Carquest offers delivery and Ozzy says many people don’t know they also make hydraulic hoses and service rotors and flywheels.

Carquest is located at 1614 Smithville Highway. Hours are 7 a.m. to 6 p.m. Monday thru Friday, and 7 a.m. to 1 p.m. on Saturday.

The story of Ozzy wouldn’t be complete with just Carquest. He’s also a 25-year employee of Botanico and currently overseas shipping at the nursery. Ozzy has also purchased the old John Deere property at the intersection of Smithville Highway and Mitchell Road. He continues to operate a business there called Ozzy’s Truck and Trailer Repair.

Skilled mechanics Blaine Blankenship and Blake Newby help man the shop and they can fix anything that’s wrong. They repair farm equipment, small engines, passenger cars, diesel engines, semi trucks, and more.

Blaine is a smart guy and he’s earned his associate’s degree in Ag Diesel Mechanics. As a special service, they will repair on location if you can’t get the equipment to them.

Ozzy said he’s excited to have this repair shop and keep the once-thriving John Deere dealership location alive and well. Hours are 7 a.m. to 5 p.m. Monday thru Friday, and 7 a.m. to noon on Saturday. The phone number is (931) 934-1317.


If you’ve read the newspaper much in the past two months you know there’s trouble with two county convenience centers in Morrison and Smartt Station. The two centers are on railroad property and have to go.

This talk spilled over to the monthly Industrial Development Board meeting on Thursday where county officials asked IDB members if they would consider giving the county 1-2 acres of land for the greatest convenience center of all time.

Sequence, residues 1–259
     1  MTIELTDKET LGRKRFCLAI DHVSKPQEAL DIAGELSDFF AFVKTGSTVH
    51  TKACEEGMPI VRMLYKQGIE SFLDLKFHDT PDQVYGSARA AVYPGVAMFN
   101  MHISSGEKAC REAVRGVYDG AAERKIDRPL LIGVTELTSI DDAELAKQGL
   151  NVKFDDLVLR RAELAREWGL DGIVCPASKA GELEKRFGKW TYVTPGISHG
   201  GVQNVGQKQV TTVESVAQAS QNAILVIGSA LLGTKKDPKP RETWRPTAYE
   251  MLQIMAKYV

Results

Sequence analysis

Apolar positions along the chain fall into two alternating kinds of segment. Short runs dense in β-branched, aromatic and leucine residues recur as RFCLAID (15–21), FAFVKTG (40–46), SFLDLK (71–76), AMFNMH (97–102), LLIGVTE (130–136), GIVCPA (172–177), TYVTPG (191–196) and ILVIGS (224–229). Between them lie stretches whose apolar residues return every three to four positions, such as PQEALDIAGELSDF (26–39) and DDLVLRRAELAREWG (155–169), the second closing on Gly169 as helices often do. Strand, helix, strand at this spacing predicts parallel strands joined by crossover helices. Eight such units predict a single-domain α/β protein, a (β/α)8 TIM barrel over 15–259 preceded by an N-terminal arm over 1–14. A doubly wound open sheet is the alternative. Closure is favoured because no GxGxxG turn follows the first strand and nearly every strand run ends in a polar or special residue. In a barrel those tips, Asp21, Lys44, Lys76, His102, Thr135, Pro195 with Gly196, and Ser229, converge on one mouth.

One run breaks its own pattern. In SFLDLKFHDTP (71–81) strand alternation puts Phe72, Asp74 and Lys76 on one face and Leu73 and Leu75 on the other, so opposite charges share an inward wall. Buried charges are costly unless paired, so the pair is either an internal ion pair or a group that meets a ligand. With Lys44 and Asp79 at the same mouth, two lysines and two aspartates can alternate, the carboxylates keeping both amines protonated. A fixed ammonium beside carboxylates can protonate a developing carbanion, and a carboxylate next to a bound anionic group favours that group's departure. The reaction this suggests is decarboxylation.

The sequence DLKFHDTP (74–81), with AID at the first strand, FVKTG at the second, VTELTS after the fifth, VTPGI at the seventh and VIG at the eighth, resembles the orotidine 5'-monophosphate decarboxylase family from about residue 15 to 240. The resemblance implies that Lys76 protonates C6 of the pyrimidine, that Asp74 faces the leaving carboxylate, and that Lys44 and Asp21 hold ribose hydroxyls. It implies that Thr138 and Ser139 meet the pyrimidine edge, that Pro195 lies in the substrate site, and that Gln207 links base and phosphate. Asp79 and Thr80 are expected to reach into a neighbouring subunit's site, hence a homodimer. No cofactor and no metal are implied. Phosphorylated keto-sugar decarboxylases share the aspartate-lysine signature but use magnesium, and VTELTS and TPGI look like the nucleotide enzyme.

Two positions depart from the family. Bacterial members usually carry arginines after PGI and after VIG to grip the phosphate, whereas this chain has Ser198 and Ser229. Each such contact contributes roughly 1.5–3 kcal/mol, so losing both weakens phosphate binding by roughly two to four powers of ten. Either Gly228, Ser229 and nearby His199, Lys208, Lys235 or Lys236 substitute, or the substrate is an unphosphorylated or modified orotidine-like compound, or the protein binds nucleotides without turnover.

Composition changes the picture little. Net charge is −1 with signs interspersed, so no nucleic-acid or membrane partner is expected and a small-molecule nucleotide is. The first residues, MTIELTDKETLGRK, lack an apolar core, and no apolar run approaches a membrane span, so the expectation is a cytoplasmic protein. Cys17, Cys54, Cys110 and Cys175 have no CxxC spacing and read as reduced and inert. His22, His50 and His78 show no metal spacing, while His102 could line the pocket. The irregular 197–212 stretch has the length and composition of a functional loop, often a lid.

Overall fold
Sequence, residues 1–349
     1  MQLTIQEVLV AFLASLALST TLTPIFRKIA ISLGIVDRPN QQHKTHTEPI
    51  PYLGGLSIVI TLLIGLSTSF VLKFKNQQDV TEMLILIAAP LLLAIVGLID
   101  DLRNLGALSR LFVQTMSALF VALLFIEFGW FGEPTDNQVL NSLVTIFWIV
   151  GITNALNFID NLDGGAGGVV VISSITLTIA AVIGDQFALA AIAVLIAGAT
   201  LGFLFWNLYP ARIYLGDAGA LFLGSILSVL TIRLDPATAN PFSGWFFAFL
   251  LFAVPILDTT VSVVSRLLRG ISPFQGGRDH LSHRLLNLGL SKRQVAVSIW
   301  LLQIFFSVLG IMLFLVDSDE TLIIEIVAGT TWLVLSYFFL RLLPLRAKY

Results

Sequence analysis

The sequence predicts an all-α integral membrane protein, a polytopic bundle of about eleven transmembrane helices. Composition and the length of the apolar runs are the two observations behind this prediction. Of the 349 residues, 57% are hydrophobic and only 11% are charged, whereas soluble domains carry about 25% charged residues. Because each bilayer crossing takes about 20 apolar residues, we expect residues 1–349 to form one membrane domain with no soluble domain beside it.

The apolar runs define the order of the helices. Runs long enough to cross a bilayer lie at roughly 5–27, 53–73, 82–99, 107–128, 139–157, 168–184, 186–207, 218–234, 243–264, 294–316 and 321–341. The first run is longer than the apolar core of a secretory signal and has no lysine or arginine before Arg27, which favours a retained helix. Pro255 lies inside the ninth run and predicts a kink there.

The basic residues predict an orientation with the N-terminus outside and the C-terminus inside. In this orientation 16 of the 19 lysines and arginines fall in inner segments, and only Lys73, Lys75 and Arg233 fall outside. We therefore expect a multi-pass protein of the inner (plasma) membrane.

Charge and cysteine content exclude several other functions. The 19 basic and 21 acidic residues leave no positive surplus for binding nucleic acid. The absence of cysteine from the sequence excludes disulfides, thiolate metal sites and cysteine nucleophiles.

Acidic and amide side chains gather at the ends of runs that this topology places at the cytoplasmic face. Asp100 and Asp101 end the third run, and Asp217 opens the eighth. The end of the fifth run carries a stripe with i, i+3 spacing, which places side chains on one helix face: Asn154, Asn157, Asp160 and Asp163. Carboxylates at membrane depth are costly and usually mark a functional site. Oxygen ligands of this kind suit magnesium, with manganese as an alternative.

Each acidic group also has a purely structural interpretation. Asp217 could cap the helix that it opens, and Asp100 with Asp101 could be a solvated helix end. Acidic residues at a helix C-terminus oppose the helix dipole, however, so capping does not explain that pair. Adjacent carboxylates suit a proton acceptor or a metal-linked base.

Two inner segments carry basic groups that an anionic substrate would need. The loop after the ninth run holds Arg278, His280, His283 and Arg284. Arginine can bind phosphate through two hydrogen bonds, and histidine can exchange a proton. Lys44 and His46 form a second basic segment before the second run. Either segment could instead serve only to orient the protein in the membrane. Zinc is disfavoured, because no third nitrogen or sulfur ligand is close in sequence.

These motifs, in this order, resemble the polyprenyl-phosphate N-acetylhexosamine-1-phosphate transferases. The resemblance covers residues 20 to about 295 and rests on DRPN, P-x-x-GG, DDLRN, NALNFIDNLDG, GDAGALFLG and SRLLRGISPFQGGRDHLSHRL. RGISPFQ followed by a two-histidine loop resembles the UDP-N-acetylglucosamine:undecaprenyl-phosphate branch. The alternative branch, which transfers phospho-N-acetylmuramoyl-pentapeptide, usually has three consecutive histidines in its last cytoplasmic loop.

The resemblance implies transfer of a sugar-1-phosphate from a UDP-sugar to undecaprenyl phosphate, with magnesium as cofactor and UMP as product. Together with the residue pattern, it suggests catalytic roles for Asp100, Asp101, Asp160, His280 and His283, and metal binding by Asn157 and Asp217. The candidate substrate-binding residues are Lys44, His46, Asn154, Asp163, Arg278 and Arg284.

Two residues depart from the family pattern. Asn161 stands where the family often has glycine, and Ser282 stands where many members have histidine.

It would be located at Mt. View Industrial Park, which turns out to be the biggest issue. IDB members didn’t seem to embrace the idea of a county dump at the industrial park.

“We entice people to locate at the industrial park because they know there are rules and regulations that will be upheld,” said IDB president Trevor Galligan. “You get into problems when you start carving out exceptions.”

Morrison Mayor Sue Anderson was in attendance and was clear she does not want the convenience center in Morrison to move one inch.

“The people of Morrison are not in favor of moving it,” said Sue. “My phone has rung off the hook since this has been mentioned.”

It’s not a matter of want. You can’t always get what you want.

But sometimes … you get what you need.

County Executive Jimmy Haley made an appearance at the meeting to say the county has been repeatedly warned by state environmental officers the Morrison site is not in compliance due to garbage leaking into a nearby creek. It’s been warnings so far, but fines are next, said Haley.

TDEC could also decide to put a halt to the convenience center in Morrison at any time.

“They could come padlock the site and say you can’t use it anymore,” said Haley.

IDB director Don Alexander didn’t seem to favor giving the county any land at the industrial park. IDB members even started suggesting other sites as possibilities to further convey their lack of interest in giving the county land.

County Commissioner Steven Helton was in attendance and pointed out the county isn’t asking for a 100-acre farm. That statement didn’t appear to be more persuasive than anything else. The Industrial Development Board doesn’t seem too likely to give the county the land for its dream convenience center which, oh by the way, might be on wetlands too.


There were several topics I thought I’d discuss in this week’s column about restaurants and construction but it never seemed to happen. There’s always next week, or the next.


Leave a Reply

Your email address will not be published.